Why not do an MCSD? Most course providers have a wonky price stucture which means that doing 5 MCPS works out better value than just 3 (especially if you choose to upgrade later).
     
    Certifications: MCT, MCTS, i-Net+, CIW CI, Prince2, MSP, MCSD
  9. JonnyMX

    JonnyMX Petabyte Poster

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    Having said that, find out if your training provider offers a choice of MCPs for the MCAD. Technically you have to do either 305 or 306, then 310. If you choose both 305 and 306, that gives you the MCAD. If you do either one, you can then do something like the 229 instead. Given that both 305 and 6 are both heavy into ADO.NET, you might want to specialise in SQL. Everything seems to be SQL nowadays...
     
    Certifications: MCT, MCTS, i-Net+, CIW CI, Prince2, MSP, MCSD
  10. Aardvark

    Aardvark Bit Poster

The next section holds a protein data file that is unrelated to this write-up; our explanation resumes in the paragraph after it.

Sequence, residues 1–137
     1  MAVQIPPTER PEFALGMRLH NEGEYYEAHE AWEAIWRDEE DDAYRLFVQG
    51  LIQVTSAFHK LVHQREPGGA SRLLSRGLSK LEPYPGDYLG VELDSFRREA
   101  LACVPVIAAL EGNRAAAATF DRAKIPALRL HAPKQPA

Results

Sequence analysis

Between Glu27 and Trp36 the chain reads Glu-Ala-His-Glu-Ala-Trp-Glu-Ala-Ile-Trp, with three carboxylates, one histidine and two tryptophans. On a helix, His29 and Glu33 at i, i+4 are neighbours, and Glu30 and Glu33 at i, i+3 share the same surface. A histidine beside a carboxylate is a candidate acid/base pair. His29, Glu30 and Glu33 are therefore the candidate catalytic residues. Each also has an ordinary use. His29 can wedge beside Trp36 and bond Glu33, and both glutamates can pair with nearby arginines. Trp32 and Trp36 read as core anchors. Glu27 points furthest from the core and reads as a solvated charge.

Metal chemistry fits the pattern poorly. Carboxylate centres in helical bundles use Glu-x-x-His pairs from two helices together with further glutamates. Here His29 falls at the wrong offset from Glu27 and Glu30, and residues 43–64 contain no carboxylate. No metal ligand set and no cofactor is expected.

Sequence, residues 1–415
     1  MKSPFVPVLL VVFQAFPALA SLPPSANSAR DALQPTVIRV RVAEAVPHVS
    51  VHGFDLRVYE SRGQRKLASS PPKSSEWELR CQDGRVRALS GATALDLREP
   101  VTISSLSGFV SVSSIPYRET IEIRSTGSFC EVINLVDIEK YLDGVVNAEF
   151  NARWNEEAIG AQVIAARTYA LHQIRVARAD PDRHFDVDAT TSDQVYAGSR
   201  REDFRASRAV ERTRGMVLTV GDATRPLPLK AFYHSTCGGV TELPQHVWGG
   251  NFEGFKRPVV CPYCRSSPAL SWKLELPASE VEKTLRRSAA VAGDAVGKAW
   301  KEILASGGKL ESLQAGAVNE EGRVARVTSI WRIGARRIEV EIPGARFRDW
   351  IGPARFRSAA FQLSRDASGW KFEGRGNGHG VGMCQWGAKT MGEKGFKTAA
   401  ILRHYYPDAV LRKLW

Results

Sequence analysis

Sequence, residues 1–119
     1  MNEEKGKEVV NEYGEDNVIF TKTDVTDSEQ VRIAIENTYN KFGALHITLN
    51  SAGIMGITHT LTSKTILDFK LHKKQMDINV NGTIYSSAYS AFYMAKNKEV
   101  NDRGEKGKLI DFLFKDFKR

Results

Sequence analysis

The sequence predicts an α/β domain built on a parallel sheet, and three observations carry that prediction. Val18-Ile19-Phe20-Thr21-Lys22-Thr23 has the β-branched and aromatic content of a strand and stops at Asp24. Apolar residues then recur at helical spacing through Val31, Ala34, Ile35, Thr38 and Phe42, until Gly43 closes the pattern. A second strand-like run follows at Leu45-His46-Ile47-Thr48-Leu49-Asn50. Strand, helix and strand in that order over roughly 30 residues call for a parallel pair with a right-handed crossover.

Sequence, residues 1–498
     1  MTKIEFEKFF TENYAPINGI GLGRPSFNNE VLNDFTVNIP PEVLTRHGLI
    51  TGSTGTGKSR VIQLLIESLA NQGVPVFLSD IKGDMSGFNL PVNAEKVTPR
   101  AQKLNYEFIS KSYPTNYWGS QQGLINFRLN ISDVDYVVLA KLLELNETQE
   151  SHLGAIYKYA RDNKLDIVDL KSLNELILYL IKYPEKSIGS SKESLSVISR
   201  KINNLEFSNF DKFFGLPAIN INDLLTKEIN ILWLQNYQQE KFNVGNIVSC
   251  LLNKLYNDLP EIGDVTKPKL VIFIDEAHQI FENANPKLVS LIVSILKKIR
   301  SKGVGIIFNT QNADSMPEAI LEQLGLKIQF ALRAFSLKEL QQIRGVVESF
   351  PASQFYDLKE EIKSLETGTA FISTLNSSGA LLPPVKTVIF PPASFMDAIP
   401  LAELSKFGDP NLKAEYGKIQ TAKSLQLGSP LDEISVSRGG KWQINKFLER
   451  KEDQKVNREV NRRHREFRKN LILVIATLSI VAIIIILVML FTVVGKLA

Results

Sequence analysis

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    Thanks JonnyMX, useful info. I'm going to see how it goes, and maybe do the MCSD afterwards. Because of this I will do the exams as suggested by NITLC, and leave the SQL one until then. I do quite fancy moving into databases at some point, I think!
     
  11. Phoenix
    Honorary Member

    Phoenix 53656e696f7220 4d6f64

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    I have a quick question for you folks who all seem to be taking up the programming route
    do you have any programming experiance prior to these courses? or does the MCSD/AD actually teach u programming as well as content for the exams?